|Decision to Impose Traditional Robes and Veils on Female Lawyers in Gaza Is Illegal|
|Sunday, 26 July 2009 00:00|
Date: 26 July 2009
Time: 09:00 GMT
Decision to Impose Traditional Robes and Veils on Female Lawyers in Gaza Is Illegal
Chief Justice of the High Court of Justice, Head of the Higher Justice Council in Gaza gas issued a new decision concerning the clothing of lawyers. PCHR believes that this decision constitutes a violation of the law and an unjustified intervention into lawyers' affairs. It also undermines personal freedoms and women's rights through forcing female lawyers to wear traditional robes known as "Jilbab" and veils (Hijabs).
The decision was issued on 9 July 2009 by Counselor 'Abdul Ra'ouf al-Halabi, Chief Justice of the Higher Court of Justice and Head of the Higher Justice Council, and it will enter into force on 1 September 2009. The decision orders male lawyers to wear a special uniform when appearing before courts, which includes: A vesture of black cloth known as the robe; a dark tuxedo; a while shirt; and a black necktie. According to the decision, female lawyers have to wear black cloth known as the robe; a dark suit (Jilbab, tuxedo or coat); and a scarf covering the hair.
According to the decision, male and female lawyers must wear such clothing when appearing before all regular courts.
PCHR believes that although it was based on the provisions of the Palestinian Basic Law of 2003, the Lawyers' Clothing Statute of 1930 and what it calls "common righteous norms, as mentioned in its preamble, the decision violates the constitution and the law and undermines women's rights and personal freedoms ensured by the constitution for the following reasons:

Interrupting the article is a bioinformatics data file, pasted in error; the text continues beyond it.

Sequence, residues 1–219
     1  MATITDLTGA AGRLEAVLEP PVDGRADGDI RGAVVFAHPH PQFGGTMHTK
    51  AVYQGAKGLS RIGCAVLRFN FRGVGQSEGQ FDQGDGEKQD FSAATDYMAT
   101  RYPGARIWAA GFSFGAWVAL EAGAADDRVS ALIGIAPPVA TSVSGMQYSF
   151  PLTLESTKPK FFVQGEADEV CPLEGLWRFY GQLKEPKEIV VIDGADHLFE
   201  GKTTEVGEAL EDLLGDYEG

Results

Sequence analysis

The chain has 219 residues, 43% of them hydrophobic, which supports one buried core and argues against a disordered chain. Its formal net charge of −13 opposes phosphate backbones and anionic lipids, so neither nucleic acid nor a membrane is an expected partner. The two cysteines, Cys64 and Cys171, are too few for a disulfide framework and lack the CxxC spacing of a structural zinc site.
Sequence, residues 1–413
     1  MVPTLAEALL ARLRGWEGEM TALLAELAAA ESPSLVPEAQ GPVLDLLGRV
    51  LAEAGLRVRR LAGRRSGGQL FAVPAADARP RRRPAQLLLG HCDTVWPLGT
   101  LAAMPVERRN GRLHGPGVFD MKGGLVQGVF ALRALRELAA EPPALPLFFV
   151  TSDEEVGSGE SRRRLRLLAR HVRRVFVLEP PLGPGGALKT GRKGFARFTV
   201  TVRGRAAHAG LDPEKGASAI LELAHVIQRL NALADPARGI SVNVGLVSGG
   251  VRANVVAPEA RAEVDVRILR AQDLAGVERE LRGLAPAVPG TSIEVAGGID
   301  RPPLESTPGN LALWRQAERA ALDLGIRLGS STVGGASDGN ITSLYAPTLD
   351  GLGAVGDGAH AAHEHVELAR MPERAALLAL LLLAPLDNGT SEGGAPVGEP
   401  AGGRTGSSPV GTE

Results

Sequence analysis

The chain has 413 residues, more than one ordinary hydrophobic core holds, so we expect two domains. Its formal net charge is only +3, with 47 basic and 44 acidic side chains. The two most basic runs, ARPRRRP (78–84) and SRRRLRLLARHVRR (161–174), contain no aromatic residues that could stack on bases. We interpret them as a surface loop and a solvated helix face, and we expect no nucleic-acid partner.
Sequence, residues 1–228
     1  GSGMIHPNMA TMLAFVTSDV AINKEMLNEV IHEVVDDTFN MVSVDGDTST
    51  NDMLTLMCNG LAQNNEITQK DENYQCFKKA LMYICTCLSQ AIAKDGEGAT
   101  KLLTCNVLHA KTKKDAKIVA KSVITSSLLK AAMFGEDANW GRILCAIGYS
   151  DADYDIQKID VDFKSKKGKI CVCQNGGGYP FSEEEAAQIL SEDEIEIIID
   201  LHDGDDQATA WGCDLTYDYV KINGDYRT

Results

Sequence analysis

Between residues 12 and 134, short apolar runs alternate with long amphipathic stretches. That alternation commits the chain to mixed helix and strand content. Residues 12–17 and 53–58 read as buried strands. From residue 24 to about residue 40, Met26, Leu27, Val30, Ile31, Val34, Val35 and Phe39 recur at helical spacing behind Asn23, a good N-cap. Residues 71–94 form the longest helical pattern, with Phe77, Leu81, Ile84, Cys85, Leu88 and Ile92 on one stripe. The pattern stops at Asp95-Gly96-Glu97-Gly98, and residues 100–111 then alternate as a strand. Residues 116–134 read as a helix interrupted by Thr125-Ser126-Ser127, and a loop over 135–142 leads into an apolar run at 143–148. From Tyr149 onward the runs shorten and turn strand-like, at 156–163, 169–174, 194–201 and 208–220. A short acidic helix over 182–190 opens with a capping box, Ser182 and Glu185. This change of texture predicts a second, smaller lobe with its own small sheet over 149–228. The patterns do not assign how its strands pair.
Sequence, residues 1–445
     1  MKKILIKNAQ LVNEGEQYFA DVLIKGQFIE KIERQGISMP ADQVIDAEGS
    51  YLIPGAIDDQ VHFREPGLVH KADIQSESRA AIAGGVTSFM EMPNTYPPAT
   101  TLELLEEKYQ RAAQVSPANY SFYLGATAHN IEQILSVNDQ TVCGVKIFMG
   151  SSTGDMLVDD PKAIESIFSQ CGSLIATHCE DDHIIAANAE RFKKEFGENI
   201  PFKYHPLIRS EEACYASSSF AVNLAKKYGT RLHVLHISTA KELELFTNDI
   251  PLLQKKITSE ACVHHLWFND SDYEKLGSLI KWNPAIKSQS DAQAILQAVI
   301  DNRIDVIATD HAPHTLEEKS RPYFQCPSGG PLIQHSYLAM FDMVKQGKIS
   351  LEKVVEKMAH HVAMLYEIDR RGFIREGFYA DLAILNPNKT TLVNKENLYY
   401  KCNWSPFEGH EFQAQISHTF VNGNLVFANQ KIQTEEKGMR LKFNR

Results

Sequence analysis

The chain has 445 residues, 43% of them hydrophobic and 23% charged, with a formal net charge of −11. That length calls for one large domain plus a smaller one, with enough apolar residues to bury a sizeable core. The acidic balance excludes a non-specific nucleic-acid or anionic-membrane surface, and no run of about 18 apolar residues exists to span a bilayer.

1. The Lawyers' Clothing Statute of 1930 is the legal instrument in effect concerning the clothing of lawyers, which is specifically prescribed and not open for any interpretation or what is called "common righteous norms," which is a loose clause that has ideological implications not included in the law at all.
2. The clothing of lawyers is united for both women and men without any discrimination; it includes according to the Lawyers' Clothing Statute of 1930: A vesture of black cloth; a dark suit; and white top and tie.
3. Accordingly, assigning a special uniform for female lawyers violates the Lawyers' Clothing Statute of 1930, constitutes a form of discrimination against women and undermines personal freedoms ensured by the constitution.
4. According to the Lawyers' Clothing Statute of 1930, lawyers have the right to plead without wearing the specified clothing in offices of judges and arbitrators, before district courts or before courts of investigations of suspicious deaths. So, imposing special clothing on lawyers when appearing before all regular courts violates the Statute.
5. Deciding the clothing of lawyers is not of the authority of Chief Justice of the High Court of Justice or judges, as article 26 of Professional Lawyers Act #3 of 1999 prescribes that a lawyer must appear when pleading before a court in the clothing decided by the Bar Association's bylaw. Accordingly, the clothing of lawyers is of the authority of the Bar Association. So, the decision by the Chief Justice of the High Court of Justice/ Head of the Higher Justice Council in Gaza constitutes an illegal and unjustified intervention of the Bar Association's affairs.
6. PCHR reminds that the Higher Justice Council in Gaza is unconstitutional, a fact emphasized by human rights organizations since 2007. The Council was established by the Government in Gaza in violation of the constitution, and its mandate derogates from the authorities of the Higher Judicial Council, which had been already established in accordance with the constitution.
7. Imposing a special uniform on female and male lawyers in the Gaza Strip reinforces the state of fragmentation, which means that two kinds of clothing for lawyers, one in the West Bank and the other one in Gaza, even though the unification of the Bar Association in the West Bank and the Gaza Strip has been an important national achievement in the past years.
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